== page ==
we know from current epidemiological data shows that covid-19 disease comorbidity issue has a disproportionate impact on the poor and the healthcare system. I am curious as to the correlation between covid-19 death rate (per population) and gini coefficient at country level.

Bandiibu Jonathan
July 09, 2020

Please what are some of the effects of the covid-19 on the population growth

Brenda Obilo
July 09, 2020

Thanks for the article. However it is not really clear how exactly COVID 19 will lead to an increase in extreme poverty, especially in SSA. Plus if we are talking about absolute/ extreme poverty, then the IPL shouldn't be the only measure used.

July 09, 2020

This is very interesting. I am also interested in the projections looking at the measures taken by different African countries at different points of the pandemic. For example Tanzania never had a lock down while most countries had, it would be interesting to see if the effect of COVID-19 was different compared to it's neighbours like Kenya and Uganda who has some form of lockdown.

August 05, 2020

Wash your hands full with the soap and water

August 05, 2020

The published data and information regarding the impact of COVID- 19 on poverty are very important for us under uncertain global conditions and limited data base. Further, if there is any possibilities How can we see the global poverty on human development perspectives especially on multidimensional perspectives?

Shem Ongori
August 05, 2020

This research is a true reflection of the impacts of Covid-19 on sub saharan Africa. In Kenya most public primary schools have been affected. Most schools are build with funds from poor parents who raises money from small scale farming and deny their family upkeeps and donate for construction of classrooms in those rural primary schools. Now that Covid-19 has affected them economically through closed market where they sale their farm produces due to social distancing, then education system is affected. Despite government of Kenya introducing online learning for students during the current Covid-19, still this is not achievable as most rural families don't own a radio or television. As the government plans to reopen schools in January 2021, a big challenge is on adequatelearning spaces for students since in Kenya a normal classroom has been accommodating between 30-40 students. Where will parents get resources to construct bigger classes to accommodate the students is a nightmare. This then will affect the learner's education especially in rural poor areas where community members are unable to raise one US dollar daily.

Morris Dorfer
August 05, 2020

First of all, thanks for a great article! Scary how an outbreak of a virus can cause such difference; and personally unfortunately I believe this prospected figures are a bit 'optimistic'. As there are highly possible negative 'domino' effects on any society when such/this virus strike! We can see such 'side-effect' even in developed countries as U.S, and similar social unrest movements will highly possible also increase in the less developed nations! There are several side-effects that will 'drip-down' to the family/individual level - family members who support their younger/older members dies of this virus, and therefore cause a negative effect on that whole household/family/individuals. Further, social unrest and struggle for the (food/job) resources starts a power struggle also on the national level and individuals/groups with 'simple' radical solutions comes into power (elections/violently or part of both). Also, to consider what 'Poverty' is. Is it based upon solely an amount of a certain degree of money or also included a certain amount of 'nutrition' any human need to have to not only survive but live a healthy life! Thus, exposing figures on how 'poverty' is decreasing might fill a good purpose, but believe we also need to be clear on what it really means! From my understanding 100% humanity do Not live a Healthy life with 1 small bowl of rice/potato and 1 litre of semi-polluted water(!) a day! Still not mention the simple fact of maximum working hours! Even developed countries, as Japan, Korea and USA force huge part of their labor-force to work 12-16 hours a day, whereas they often simply economically survive - pay their monthly-life costs!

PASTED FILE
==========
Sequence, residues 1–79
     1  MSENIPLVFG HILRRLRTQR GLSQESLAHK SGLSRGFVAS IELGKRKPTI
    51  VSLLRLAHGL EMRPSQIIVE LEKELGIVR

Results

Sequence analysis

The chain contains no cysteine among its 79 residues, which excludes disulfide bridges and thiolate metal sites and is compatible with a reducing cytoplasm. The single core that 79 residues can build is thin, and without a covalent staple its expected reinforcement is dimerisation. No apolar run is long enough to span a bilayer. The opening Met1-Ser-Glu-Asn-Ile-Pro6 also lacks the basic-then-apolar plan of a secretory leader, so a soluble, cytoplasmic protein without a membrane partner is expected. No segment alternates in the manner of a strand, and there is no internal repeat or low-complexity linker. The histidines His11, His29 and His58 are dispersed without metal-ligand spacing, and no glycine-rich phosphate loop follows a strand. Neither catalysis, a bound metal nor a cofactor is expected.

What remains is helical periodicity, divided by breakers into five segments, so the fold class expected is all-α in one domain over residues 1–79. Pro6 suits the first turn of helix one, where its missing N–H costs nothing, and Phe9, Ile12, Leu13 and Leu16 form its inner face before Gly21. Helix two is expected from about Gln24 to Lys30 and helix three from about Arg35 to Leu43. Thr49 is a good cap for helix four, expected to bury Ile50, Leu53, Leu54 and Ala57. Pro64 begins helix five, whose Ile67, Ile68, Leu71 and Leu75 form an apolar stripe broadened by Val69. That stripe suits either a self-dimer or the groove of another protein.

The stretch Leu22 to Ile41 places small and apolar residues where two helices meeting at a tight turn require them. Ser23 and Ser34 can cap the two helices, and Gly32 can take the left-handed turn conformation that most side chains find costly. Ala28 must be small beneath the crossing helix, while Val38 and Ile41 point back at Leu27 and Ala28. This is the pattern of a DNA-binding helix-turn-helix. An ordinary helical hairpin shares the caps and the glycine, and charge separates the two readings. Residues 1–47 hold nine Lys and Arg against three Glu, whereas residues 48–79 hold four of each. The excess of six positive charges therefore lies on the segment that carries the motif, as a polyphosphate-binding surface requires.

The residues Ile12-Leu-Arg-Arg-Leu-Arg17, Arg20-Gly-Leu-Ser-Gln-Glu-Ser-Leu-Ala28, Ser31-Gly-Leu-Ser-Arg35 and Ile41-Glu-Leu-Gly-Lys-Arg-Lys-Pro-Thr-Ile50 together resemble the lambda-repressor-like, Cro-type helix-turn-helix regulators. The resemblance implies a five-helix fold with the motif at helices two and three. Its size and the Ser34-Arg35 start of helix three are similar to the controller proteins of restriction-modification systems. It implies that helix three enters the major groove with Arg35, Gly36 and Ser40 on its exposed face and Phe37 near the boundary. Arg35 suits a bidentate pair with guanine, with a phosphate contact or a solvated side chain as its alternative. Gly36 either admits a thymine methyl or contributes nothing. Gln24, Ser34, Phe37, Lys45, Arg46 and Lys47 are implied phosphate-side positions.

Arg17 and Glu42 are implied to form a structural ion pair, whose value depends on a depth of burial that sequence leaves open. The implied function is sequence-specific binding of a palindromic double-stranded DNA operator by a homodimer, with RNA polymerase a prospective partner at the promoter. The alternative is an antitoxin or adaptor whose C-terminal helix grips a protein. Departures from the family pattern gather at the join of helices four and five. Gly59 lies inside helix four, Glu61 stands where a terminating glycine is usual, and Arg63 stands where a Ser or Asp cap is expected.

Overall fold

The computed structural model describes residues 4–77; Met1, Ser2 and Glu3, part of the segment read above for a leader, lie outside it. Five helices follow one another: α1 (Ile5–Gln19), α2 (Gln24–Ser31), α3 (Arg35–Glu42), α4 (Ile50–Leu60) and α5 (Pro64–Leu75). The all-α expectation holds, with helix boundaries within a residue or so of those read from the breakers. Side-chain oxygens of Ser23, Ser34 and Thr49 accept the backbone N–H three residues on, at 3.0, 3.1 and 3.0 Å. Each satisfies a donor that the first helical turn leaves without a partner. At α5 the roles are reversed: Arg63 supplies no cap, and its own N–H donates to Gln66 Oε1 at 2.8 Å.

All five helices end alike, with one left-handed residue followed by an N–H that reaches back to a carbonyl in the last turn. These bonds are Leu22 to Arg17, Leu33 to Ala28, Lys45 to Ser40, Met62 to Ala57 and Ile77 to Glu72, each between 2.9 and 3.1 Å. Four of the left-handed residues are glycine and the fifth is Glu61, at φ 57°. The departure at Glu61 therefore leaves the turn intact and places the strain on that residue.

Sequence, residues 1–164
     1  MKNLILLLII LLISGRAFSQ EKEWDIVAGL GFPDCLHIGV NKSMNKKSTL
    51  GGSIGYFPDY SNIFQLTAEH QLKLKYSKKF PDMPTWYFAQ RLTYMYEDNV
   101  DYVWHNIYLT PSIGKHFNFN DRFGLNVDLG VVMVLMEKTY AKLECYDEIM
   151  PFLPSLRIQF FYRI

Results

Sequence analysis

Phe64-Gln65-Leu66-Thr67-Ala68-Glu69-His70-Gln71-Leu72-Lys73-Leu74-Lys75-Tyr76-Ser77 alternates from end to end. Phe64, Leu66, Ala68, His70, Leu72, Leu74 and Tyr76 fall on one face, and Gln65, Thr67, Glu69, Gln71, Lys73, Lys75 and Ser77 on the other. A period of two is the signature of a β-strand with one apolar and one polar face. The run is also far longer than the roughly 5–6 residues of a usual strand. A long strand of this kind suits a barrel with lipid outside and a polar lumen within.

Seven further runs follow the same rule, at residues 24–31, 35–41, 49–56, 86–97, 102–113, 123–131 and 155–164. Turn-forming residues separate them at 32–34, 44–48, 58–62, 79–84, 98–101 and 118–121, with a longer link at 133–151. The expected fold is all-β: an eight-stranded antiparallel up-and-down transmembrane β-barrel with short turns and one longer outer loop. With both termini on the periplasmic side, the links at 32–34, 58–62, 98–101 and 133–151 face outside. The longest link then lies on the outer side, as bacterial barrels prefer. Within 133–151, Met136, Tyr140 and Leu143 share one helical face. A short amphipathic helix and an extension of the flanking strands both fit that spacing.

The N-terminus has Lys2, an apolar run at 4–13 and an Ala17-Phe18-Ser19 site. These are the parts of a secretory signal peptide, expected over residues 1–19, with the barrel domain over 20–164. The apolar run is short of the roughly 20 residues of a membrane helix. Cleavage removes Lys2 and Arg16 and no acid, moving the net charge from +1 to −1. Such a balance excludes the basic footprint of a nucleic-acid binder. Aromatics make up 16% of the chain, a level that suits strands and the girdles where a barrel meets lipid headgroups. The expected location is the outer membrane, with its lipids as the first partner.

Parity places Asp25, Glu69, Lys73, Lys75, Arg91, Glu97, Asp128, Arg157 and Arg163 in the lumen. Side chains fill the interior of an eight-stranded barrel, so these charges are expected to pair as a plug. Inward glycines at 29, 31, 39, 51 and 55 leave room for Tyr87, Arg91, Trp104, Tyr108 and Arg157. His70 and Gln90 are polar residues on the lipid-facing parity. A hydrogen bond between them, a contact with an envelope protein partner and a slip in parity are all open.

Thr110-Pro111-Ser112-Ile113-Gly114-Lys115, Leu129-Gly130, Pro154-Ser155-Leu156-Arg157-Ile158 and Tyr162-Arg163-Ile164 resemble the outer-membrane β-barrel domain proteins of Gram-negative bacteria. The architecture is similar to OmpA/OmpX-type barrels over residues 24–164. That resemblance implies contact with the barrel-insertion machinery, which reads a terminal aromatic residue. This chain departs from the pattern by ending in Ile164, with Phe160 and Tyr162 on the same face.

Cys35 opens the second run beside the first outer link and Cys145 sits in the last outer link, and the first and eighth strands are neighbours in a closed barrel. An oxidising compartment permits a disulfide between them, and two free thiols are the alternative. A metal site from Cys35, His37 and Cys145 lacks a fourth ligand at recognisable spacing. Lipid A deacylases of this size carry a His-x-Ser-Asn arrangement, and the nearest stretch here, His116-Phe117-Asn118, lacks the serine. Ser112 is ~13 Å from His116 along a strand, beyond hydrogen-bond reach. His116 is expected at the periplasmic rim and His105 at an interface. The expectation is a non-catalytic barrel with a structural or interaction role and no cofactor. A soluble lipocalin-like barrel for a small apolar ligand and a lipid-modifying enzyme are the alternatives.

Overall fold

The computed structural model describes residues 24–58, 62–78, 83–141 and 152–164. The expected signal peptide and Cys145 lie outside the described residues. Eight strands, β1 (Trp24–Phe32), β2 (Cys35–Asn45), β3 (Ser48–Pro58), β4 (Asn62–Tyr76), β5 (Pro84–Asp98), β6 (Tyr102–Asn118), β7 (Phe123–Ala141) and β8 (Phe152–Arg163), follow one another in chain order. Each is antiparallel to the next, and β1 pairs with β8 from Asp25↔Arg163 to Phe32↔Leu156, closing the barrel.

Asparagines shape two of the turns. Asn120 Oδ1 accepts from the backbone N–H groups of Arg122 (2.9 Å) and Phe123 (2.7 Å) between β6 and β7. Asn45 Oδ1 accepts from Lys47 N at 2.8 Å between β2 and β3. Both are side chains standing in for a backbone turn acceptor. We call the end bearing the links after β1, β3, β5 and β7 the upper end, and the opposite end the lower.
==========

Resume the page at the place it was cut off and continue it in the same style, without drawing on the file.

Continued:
In short, your figures are based upon a less complex one-dimensional view point, on how this virus will affect poverty. If we consider a more interlinked 3-dimensional view (.) we might highly possible see a much higher decline of an ability to support oneself from an individual, family and national level.

October 14, 2020

i need more data on impact of COVID 19 on tax collection